Bob Russell: To ask the Secretary of State for Health what assessment he has made of the accuracy of using ICD 10 codes to record traumatic brain injury in hospital accident and emergency departments; and if he will make a statement. 
Mr. Lammy: The accident and emergency departments rarely use ICD-10 to record patients. The ICD-10 codes are generally used for admitted patients (either in-patients or day cases) The codes within ICD-10 for traumatic brain injury would be: an unspecified brain injury is S06.9 Intracranial injury, unspecified.
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Jacqui Smith: The final detail for the second phase of the newborn hearing screening programme is near to agreement. Once this has been agreed the sites will be informed. Full details of the sites will be available on the National Screening Committee's website.
Mr. Wray: To ask the Secretary of State for Health if he will consider proposals from the NSPCC for the creation of a child safeguarding board and the establishment of multi-agency child safeguarding teams to increase the effectiveness of professionals working together. 
Jacqui Smith: Evidence and submissions relating to issues raised by the National Society for the Prevention of Cruelty to Children campaign have been heard by the Victoria Climbié Inquiry. The Government expect to receive the Inquiry's report later this year. The Inquiry's recommendations, will be given full and proper consideration by the Government.
Jacqui Smith: It is for individual councils with social services responsibilities and National Health Service bodies to decide, in the light of their priorities, how much to spend on child protection services. Other statutory agencies, such as the police and education services, also commit resources to meeting their child protection responsibilities, while a number of voluntary organisations also provide child protection services.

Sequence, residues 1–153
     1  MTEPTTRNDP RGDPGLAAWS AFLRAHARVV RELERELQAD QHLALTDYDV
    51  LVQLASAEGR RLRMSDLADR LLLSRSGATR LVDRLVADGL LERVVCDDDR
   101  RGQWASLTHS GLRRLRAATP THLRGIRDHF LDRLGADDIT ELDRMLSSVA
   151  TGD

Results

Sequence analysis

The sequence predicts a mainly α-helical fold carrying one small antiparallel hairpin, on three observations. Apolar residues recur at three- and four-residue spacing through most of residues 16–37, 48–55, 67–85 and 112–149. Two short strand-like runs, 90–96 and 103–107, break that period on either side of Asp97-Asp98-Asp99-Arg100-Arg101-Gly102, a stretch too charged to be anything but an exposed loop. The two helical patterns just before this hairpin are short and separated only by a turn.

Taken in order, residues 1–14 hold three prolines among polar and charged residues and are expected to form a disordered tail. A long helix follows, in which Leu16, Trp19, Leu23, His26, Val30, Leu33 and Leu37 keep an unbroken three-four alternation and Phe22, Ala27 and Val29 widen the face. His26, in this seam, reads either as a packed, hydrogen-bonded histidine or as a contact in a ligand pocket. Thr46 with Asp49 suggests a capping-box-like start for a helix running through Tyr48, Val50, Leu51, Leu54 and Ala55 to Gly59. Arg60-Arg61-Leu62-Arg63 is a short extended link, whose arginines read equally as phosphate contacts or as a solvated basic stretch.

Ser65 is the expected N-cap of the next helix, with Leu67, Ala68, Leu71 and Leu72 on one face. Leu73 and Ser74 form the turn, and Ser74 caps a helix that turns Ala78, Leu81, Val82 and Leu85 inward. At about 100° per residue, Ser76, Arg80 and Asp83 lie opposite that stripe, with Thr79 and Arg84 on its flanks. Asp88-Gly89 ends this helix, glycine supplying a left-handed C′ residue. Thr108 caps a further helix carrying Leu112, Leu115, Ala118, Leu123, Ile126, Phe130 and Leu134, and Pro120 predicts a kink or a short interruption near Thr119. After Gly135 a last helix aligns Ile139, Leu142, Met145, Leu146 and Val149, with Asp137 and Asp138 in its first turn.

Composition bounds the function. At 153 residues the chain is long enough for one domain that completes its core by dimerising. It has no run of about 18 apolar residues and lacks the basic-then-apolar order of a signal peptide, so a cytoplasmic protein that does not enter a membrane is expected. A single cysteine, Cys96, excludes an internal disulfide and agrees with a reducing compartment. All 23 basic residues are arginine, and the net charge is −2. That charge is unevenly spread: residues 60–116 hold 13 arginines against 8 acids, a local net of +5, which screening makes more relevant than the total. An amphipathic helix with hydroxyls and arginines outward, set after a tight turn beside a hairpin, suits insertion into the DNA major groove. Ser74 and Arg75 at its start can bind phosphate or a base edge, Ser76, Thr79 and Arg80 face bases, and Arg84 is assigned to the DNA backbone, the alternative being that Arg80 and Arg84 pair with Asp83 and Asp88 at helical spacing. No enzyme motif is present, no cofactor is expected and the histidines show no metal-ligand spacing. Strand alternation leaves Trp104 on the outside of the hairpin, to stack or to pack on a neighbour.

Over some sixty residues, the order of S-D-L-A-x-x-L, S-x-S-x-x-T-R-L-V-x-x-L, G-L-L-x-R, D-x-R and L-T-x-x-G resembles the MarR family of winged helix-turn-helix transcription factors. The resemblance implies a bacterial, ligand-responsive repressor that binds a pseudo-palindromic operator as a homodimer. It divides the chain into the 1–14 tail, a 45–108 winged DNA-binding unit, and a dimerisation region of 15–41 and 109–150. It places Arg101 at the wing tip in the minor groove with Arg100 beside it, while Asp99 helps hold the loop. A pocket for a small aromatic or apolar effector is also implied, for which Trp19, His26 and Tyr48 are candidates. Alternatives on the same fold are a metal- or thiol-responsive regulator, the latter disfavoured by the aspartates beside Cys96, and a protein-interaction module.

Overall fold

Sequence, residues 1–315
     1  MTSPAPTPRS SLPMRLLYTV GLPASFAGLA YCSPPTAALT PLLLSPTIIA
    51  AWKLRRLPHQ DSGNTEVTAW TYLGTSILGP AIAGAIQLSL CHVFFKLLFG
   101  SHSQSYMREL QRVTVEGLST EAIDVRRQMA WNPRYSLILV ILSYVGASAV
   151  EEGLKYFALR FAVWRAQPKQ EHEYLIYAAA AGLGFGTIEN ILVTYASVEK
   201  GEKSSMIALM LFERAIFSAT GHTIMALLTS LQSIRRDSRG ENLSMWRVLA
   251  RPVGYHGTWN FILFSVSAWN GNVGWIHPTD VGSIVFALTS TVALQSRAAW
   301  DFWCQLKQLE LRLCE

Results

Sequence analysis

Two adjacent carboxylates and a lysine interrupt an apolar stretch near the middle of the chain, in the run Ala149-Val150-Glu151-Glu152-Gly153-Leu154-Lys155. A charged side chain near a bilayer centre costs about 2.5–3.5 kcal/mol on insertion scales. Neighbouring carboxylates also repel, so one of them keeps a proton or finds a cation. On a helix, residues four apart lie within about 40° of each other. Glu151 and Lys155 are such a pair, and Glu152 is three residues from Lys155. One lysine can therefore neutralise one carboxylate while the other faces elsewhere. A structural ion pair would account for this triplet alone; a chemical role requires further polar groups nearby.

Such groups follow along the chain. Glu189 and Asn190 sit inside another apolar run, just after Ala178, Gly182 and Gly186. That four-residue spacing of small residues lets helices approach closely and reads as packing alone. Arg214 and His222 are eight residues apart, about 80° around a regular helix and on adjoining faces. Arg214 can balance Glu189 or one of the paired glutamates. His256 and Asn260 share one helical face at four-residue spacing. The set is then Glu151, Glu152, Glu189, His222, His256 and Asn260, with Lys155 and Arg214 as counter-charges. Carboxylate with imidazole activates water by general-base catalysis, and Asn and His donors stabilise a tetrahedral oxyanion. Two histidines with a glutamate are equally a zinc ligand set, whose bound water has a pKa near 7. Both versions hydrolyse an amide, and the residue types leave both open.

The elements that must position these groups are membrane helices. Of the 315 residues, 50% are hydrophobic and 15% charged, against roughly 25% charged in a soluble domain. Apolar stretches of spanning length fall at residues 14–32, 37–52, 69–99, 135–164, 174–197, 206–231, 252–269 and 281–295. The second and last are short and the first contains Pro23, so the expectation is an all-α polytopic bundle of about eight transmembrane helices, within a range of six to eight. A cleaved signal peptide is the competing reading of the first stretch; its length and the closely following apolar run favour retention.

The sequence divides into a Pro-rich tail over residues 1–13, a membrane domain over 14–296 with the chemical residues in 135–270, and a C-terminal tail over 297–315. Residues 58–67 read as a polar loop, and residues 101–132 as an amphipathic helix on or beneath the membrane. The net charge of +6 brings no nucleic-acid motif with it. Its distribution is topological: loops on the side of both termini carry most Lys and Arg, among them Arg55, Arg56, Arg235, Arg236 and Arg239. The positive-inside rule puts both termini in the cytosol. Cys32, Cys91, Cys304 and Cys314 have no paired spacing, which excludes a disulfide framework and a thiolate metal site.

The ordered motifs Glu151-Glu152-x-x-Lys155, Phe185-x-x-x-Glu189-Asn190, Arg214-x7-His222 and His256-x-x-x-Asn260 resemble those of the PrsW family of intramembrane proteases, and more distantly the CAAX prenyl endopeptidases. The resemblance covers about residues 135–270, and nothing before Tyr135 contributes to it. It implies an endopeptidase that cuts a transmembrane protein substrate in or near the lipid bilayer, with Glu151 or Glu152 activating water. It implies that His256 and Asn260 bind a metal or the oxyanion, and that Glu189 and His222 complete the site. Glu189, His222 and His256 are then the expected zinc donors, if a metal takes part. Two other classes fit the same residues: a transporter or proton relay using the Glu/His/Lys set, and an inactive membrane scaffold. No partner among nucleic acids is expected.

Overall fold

However between 199697 and 200203 the Government increased social services funding by more than 20 per cent. in real terms and will make further annual average real terms increases available of 6 per cent. between 200304 and 200506.
Mr. Wray: To ask the Secretary of State for Health what measures the Government have taken (a) to make it easier for children to report abuse and neglect and (b) to raise public awareness of child abuse. 
Jacqui Smith: The Government have revised and widely distributed their child protection guidance Working Together to Safeguard Children. This document sets out how all agencies and professionals should work together to promote children's welfare and protect them from abuse and neglect. It is addressed to those who work in the health and education services, the police, social services, the probation service, and others whose work brings them into contact with children and families. All
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those who work with children and families are expected to retain a clear focus on the welfare of the child and be alert to, and know how to respond quickly and decisively to, potential indicators of abuse and neglect. This greater awareness should make it easier for children to be heard when they report abuse and neglect.
Area child protection committees are responsible for deciding what child protection information and advice to make available to members of their local community. However, leaflets advising adults what to do when they have concerns about the welfare of a child or that a child may be suffering, or at risk of suffering, abuse or neglect have also been produced on a national basis by a number of voluntary organisations. These include the National Society for the Prevention of Cruelty to Children's Handle with Care (about the dangers of shaking babies) and Partners in Protecting Children. In addition, there are a number of leaflets which provide advice to children, such as Kidscape's Stop Bullying and You Can Beat Bullying.